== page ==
[t]he primary purpose of the [Thirteenth] Amendment was to abolish the institution of African slavery as it had existed in the United States at the time of the Civil War, but the Amendment was not limited to that purpose; the phrase "involuntary servitude" was intended to extend "to cover those forms of compulsory labor akin to African slavery which in practical operation would tend to produce like undesirable results."
Kozminski, 487 U.S. at 942 (quoting Butler v. Perry, 240 U.S. 328, 332 (1916)). Here, Plaintiff has made no factual allegations to warrant relief under the Thirteenth Amendment. Because this claim is applicable to all of the Defendants, and allowing amendment would be futile, it is dismissed in its entirety with prejudice.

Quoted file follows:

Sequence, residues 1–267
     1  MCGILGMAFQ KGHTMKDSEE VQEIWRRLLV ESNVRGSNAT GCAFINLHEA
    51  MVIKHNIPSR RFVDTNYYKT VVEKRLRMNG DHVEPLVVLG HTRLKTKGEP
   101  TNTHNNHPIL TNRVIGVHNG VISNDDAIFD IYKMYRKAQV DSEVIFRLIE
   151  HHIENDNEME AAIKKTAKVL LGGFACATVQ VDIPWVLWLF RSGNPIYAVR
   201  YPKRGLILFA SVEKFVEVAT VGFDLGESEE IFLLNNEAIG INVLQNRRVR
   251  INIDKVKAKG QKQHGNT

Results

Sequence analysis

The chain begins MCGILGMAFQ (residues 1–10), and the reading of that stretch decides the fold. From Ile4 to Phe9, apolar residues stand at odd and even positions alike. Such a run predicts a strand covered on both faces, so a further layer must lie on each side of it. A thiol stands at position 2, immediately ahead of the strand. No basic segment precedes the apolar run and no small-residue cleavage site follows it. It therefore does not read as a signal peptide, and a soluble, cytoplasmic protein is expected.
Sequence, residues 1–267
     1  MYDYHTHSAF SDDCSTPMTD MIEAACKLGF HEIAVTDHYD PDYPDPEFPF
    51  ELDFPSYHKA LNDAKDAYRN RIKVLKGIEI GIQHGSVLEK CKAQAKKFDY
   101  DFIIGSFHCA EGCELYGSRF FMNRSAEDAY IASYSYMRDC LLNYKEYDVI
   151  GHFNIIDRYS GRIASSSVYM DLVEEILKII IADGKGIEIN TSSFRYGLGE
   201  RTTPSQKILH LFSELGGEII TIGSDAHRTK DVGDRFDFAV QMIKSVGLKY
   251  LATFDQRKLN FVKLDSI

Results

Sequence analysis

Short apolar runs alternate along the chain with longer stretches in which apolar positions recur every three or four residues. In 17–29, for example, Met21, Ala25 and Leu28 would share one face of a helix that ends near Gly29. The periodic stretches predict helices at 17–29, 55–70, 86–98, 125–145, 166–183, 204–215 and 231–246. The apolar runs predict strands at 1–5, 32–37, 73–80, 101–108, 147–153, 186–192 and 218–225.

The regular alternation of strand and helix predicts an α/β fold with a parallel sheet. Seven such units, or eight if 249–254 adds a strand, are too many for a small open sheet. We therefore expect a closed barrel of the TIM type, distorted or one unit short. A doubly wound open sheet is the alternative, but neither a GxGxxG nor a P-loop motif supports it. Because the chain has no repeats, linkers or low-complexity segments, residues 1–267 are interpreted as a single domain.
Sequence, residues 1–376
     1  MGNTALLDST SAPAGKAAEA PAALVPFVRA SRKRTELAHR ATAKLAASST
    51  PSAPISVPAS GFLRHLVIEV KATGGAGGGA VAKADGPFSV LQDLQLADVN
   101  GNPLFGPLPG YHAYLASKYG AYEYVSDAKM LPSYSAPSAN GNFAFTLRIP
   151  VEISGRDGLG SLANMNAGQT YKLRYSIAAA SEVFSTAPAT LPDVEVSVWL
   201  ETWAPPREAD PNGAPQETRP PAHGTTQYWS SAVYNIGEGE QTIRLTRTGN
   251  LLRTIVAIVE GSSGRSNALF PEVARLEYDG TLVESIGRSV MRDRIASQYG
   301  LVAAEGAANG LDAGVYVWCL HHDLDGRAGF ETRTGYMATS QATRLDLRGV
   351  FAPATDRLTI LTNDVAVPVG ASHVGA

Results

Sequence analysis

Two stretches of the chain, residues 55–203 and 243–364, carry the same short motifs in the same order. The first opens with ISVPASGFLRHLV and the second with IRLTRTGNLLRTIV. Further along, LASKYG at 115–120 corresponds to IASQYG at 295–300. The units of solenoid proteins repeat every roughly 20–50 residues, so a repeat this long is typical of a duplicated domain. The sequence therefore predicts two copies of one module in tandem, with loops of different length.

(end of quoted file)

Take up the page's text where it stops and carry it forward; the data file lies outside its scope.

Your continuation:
2. Bivens Claim
Defendant Covert seeks to dismiss Plaintiff's claim pursuant to Bivens v. Six Unknown Named Agents of Fed. Bur. of Narcotics, 403 U.S. 388 (1971). (Covert's Br. in Supp. at 7, ECF No. 58). In Bivens, "the Supreme Court recognized an implied right of action for damages against federal agents who have violated a person's Fourth Amendment rights." Bistrian v. Levi, 696 F.3d 352, 365 (3d Cir. 2012) (citing Bivens, 403 U.S. at 91) (emphasis added). Here, Defendant Covert is not a federal agent, and neither are any of the other Defendants. Consequently, because this claim is applicable to all of the Defendants, it is dismissed in its entirety with prejudice, as allowing amendment would be futile.
3. Absolute Immunity